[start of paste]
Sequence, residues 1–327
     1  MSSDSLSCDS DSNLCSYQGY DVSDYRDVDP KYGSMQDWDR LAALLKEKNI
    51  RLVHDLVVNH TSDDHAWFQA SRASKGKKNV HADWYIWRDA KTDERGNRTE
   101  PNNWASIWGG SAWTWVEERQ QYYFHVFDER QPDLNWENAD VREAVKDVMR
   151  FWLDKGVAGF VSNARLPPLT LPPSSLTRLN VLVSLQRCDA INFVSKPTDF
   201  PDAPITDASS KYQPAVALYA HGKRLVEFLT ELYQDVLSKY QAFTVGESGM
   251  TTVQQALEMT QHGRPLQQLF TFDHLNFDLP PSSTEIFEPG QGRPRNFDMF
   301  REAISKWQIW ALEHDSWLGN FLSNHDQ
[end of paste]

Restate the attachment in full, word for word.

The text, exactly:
Sequence, residues 1–327
     1  MSSDSLSCDS DSNLCSYQGY DVSDYRDVDP KYGSMQDWDR LAALLKEKNI
    51  RLVHDLVVNH TSDDHAWFQA SRASKGKKNV HADWYIWRDA KTDERGNRTE
   101  PNNWASIWGG SAWTWVEERQ QYYFHVFDER QPDLNWENAD VREAVKDVMR
   151  FWLDKGVAGF VSNARLPPLT LPPSSLTRLN VLVSLQRCDA INFVSKPTDF
   201  PDAPITDASS KYQPAVALYA HGKRLVEFLT ELYQDVLSKY QAFTVGESGM
   251  TTVQQALEMT QHGRPLQQLF TFDHLNFDLP PSSTEIFEPG QGRPRNFDMF
   301  REAISKWQIW ALEHDSWLGN FLSNHDQ